Inflow and infiltration plagues Newport
NEWPORT — After years of dealing with cracked and aging sewer infrastructure leading to increased rates and treatment of clean water, a Metropolitan Council grant could help ease Newport's severe inflow and infiltration problems.
Inflow and infiltration, or I/I, can be an effect from aging infrastructure, height of the Mississippi River, geography and soil around the pipes. When one of more of these or other factors affect a city's sewer line, rain water or other clean wastewater can get into the lines, causing clean water to have to be treated.
The city's sewer mains, installed in the early-1960s, are faced with two geographical obstacles, said City Administrator Deb Hill: the bedrock trenches the pipes were built into and the city's proximity to the Mississippi River.
The pipes sit in the rock, which then fills up during rain events and leaks into the sewer pipes at any crack in the system.
As major rain events batter the city more frequently, the system can overflow, leak and end up treating more and more clean water that doesn't need to be in the system, Public Works Superintendent Bruce Hanson said.
The severity of inflow has caused the system to overflow before, he said.
Hill said one beyond just overwhelming the system, inflow and infiltration also lead directly back to consumers with raised sewer rates every year as part of Met Council calculations.
"Communities that have significant I/I can have a major increase in sewer charges," said Marcus Bush with Met Council Environmental Services.
He said about two-thirds of metro communities deal with inflow and infiltration issues, and are in the Met Council I/I program.
The situation is so widespread a task force was formed in the early-2000s to find long-term solutions with inflow and infiltration, and its wastewater and environmental effects on the region.
When inflow and infiltration overflow a system, at times there's nowhere for it to go except the river or back up into homes, though these situations are rare.
Some cities in the metro have tried with lining their pipes or grouting to help seal the pipes, with the help of Met Council grants or advice. "Communities are working on tightening up their local systems ... and we're working on tightening up regional systems," Bush said.
About $19 million in grants have been awarded by the Met Council for inflow and infiltration projects. Newport has applied for all of these grants.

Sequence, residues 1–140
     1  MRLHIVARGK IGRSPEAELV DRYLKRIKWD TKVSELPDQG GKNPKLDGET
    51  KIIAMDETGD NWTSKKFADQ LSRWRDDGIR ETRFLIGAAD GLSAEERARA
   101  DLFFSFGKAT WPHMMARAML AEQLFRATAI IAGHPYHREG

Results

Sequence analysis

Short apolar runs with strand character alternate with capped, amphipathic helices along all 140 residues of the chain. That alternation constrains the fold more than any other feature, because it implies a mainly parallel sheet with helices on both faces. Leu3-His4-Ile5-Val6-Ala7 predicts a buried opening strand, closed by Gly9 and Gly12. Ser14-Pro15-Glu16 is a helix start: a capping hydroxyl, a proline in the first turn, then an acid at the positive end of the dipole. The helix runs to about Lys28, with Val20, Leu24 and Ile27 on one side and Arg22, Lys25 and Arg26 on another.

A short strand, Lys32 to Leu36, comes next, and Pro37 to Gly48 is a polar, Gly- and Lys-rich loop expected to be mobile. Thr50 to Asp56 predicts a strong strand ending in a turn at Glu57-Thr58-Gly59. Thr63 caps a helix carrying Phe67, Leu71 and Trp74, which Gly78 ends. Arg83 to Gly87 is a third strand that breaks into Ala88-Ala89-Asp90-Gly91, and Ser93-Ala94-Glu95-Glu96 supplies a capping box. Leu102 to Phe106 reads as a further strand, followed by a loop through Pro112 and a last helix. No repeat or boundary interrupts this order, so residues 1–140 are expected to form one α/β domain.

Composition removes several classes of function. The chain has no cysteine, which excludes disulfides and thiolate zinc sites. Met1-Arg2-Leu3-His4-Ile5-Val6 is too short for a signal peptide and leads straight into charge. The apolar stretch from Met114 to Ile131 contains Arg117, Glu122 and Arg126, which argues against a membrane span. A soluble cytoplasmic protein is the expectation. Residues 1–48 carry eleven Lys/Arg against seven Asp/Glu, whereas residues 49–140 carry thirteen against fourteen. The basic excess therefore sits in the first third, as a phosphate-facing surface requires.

A chance at a solution
The Met Council is offering a one-time grant to launch an inflow and infiltration demonstration project.
"(It's) almost like a test project so they can gather some data, figure out which kinds of facilities, repair mechanisms, work the best so they can share that with the rest of the Metropolitan Council area and the rest of the state," said Lucas Jones from MSA, the city's consulting engineering firm.
If awarded the grant, Newport would receive a $500,000 matching grant that would launch a three-year study spanning the city from end to end.
Hill said they would likely bond for their share of the $1 million project.
In the past eight years, Newport has received about $250,000 from the Met Council for inflow and infiltration related repairs and projects.
The bigger amount could help make a bigger impact to the problem.
According to the Met Council, up to 80 percent of inflow and infiltration issues in a city can stem from the laterals — the pipes leading from the main to individual residences — on private property letting in extra water.
Part of the grant would specifically look at solving the lateral problem.
"The intent (of the grant) is to fix public and private infrastructure, but with an emphasis on removing private family or property construction," Jones said.
Across four separate test areas in the city, inflow and infiltration solutions will be implemented, including lining the sewer mains, adding grouting and sealing manhole covers.
Three of the four areas are directly along the river.
One option — complete replacement — won't be a feasible option under the grant because it's also the most costly option.
"Being cost effective is very important," Hill said. The city installed a few liners about eight years ago, but without lining the laterals, Hanson said it's hard to tell how much good the solution is doing.
"Laterals are exactly where the problems are," Hanson said.
Hanson said they've also tried some grouting before, with limited success.
Each time a road improvement or repaving project comes up in the city, Hanson said they can replace lines and laterals, but that means the current solutions the city can offer are largely small-scale.
The application will be submitted by Aug. 31.